Apple Display Connector

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Apple Display Connector
AppleDisplayConnector.jpg
ADC cable end
Type analog/digital video connector + USB
Designer Apple Computer
Manufacturer Apple Computer
Superseded by DVI (June 2004)
Hot pluggable Yes
External Yes
Pins 35
Max. voltage 25 V
Max. current 4.0 A
Pin 1 25 V Supply
Pin 2 25 V Supply
Pin 3 LED
Pin 4 TMDS Data0–
Pin 5 TMDS Data0+
Pin 6 TMDS Data0/5 Shield
Pin 7 TMDS Data5–
Pin 8 TMDS Data5+
Pin 9 DDC Data
Pin 10 Vsync
Pin 11 25 V Return
Pin 12 25 V Return
Pin 13 Soft Power
Pin 14 TMDS Data1–
Pin 15 TMDS Data1+
Pin 16 TMDS Data1/3 Shield
Pin 17 TMDS Data3–
Pin 18 TMDS Data3+
Pin 19 DDC CLock
Pin 20 Clock Return
Pin 21 USB Data+
Pin 22 USB Data–
Pin 23 USB Return
Pin 24 TMDS Data2–
Pin 25 TMDS Data2+
Pin 26 TMDS Data2/4 Shield
Pin 27 TMDS Data4–
Pin 28 TMDS Data4+
Pin 29 Clock+
Pin 30 Clock-
C1 Analog Blue Video
C2 Analog Green Video
C3 Analog Horizontal Sync
C4 Analog Red Video
C5 Analog RGB Return and DDC Return

The Apple Display Connector (ADC) is a proprietary modification of the DVI connector that combines analog and digital video signals, USB, and power all in one cable. Apple used ADC for its LCD-based Apple Cinema Displays and their final CRT displays, before deciding to use standard DVI connectors on later models.

First implemented in the July 2000 Power Mac G4 and G4 Cube, ADC disappeared from displays in June 2004 when Apple introduced the aluminum-clad 20", 23", and 30" Apple Cinema Displays, which feature separate DVI, USB and FireWire connectors, and their own power supplies. The ADC was still standard on the Power Mac G5 until April 2005, when new models meant the only remaining Apple product with an ADC interface was the single processor Power Mac G5 introduced in October 2004. This single processor Power Mac G5 was discontinued soon after in June 2005.

Compatibility[edit]

The Apple Display Connector, debuted in the Apple Studio Display, is physically incompatible with a standard DVI connector, as was previously used in the PowerBook G4 and the older Power Mac G4. The Apple DVI to ADC Adapter,[1] which cost $149US at launch but was in 2002 available for $99US,[2] takes USB and DVI connections from the computer, together with power, and combines them into an ADC connection, allowing ADC monitors to be used with DVI-based machines.

The initial implementation of ADC on some models of Power Mac G4s involved the removal of DVI connectors from these computers. This change necessitated a passive ADC to DVI adapter to use a DVI monitor.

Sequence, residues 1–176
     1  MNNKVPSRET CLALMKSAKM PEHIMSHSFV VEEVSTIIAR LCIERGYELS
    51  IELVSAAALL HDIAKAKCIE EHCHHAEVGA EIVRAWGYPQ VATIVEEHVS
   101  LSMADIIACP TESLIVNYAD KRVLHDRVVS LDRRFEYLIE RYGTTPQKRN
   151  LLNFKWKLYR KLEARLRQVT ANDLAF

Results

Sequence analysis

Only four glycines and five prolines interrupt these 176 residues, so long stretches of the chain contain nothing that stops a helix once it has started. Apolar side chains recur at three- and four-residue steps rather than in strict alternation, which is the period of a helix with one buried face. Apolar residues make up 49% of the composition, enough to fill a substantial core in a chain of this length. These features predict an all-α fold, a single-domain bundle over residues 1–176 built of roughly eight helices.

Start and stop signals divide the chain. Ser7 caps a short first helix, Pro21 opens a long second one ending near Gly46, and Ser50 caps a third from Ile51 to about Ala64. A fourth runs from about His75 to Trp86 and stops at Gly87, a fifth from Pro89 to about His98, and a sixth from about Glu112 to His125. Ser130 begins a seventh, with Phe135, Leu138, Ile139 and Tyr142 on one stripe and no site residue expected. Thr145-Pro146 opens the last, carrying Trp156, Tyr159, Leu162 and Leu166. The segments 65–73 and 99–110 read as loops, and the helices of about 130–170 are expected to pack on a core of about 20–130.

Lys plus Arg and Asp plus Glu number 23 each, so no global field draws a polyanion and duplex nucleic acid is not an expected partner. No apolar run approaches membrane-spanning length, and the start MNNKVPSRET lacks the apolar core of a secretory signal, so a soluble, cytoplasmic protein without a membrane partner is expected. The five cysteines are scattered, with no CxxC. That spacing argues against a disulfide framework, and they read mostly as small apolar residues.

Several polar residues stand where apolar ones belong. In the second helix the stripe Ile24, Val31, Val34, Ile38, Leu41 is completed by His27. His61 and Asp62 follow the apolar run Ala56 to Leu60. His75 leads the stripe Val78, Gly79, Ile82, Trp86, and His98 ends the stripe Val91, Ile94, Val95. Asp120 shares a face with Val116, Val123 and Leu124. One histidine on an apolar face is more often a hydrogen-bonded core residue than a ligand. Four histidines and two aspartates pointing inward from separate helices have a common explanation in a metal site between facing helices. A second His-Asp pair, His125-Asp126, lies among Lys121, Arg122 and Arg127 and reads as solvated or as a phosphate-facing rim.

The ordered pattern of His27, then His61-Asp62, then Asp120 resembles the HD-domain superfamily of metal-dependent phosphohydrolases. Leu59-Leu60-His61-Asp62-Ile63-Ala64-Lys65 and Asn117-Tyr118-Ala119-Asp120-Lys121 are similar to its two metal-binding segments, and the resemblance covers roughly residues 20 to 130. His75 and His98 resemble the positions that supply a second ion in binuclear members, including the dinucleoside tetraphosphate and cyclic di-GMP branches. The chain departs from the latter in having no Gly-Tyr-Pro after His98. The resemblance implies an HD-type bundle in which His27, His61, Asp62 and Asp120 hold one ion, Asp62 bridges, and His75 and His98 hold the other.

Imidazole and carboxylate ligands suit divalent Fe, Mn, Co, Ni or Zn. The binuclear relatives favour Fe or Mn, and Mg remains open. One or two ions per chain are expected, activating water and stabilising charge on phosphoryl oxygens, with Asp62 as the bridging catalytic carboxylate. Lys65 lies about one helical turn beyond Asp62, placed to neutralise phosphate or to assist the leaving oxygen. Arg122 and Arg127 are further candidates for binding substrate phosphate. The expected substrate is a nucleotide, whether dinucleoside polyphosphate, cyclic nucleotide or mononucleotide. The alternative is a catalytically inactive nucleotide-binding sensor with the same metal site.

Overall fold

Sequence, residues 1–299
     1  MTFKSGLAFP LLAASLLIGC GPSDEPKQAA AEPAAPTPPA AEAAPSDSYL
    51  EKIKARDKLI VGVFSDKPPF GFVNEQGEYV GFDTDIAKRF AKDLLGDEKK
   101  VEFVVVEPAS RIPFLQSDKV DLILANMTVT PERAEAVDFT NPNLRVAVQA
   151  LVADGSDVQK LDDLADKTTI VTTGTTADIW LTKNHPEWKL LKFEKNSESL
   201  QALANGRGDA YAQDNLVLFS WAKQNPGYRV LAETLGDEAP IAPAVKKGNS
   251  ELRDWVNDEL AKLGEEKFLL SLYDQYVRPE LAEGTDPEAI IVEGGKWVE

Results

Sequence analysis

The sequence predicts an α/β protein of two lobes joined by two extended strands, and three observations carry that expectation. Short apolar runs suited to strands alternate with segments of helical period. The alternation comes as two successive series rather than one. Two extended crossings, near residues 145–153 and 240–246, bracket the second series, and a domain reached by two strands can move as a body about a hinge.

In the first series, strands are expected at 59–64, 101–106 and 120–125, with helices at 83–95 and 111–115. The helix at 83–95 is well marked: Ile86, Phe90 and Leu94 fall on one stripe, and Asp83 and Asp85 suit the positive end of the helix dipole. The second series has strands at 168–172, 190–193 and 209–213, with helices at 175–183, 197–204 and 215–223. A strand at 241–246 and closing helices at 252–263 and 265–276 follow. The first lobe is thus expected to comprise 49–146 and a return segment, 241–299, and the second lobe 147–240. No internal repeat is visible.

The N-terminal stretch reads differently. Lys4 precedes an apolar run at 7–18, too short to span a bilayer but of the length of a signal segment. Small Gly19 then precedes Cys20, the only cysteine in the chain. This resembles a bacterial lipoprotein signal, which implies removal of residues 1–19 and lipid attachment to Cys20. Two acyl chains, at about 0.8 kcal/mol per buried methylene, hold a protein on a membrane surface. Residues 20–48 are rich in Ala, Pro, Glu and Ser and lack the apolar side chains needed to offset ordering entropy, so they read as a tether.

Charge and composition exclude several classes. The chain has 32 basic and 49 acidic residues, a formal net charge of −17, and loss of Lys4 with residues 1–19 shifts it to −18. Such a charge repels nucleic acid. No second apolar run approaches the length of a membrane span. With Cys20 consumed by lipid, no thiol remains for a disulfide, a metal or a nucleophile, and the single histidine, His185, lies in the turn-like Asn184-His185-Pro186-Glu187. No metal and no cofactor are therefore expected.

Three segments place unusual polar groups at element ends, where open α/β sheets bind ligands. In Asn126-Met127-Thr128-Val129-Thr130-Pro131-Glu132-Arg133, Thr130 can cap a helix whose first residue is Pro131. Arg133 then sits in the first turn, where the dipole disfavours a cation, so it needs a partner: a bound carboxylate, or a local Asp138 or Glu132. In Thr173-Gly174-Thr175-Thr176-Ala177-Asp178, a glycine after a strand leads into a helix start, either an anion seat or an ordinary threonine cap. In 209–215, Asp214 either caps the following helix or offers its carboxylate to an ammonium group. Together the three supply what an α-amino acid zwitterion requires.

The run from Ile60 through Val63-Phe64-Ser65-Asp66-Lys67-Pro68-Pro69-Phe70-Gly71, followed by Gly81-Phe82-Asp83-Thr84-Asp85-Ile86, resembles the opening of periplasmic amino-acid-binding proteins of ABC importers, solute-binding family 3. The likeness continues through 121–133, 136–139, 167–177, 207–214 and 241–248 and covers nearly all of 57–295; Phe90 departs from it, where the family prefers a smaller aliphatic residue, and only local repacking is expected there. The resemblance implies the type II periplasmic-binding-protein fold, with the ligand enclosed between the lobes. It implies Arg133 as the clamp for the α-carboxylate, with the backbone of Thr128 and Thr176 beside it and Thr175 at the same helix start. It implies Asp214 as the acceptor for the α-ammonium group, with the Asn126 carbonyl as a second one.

The ADC carries up to 100 W of power, an insufficient amount to run most 19-inch or bigger CRTs widely available during ADC's debut, nor can it run contemporary flat panels marketed for home entertainment (many of which support DVI or VGA connections) without an adapter. The power limit was an important factor for Apple to abandon ADC when it launched the 30-inch Apple Cinema HD Display.

On newer DVI-based displays lacking ADC, Apple still opted for a single "ganged cable" that connects the separate signal cables to each other so they cannot tangle. Such cables, however, employ standard DVI, power, USB and FireWire connectors, avoiding drawbacks to ADC. Beginning in 2008, Apple began transitioning away from DVI, adopting the increasingly common DisplayPort signalling standard, and developed their own Mini DisplayPort connector beginning with the first LED-backlit Cinema Displays. As of 2013, Apple no longer uses a DVI-based interface for any of its displays.

Apple no longer supports ADC adapters, or monitors.

Pin 3 and 11[edit]

Power is supplied to the ADC port by an additional finger connector on the video card, which plugs into a slot on the motherboard between the AGP slot and the back panel of the computer; on G4 Macs, some power is also sent through AGP pins 3 and 11. When ADC was introduced, AGP pins 3 and 11 were unassigned. In AGP 8x, pins 3 and 11 were assigned, so because of that, G4s are not directly compatible with AGP 8x. G5 Macs draw all power from the finger connector and therefore are 8x compatible. To use an AGP 8x card in a G4, pins 3 and 11 must be somehow disabled; this can be done by placing tape over the conductive part of the pin, slicing the PCB traces, or on some cards, desoldering surface mount resistors.

See also[edit]

References[edit]

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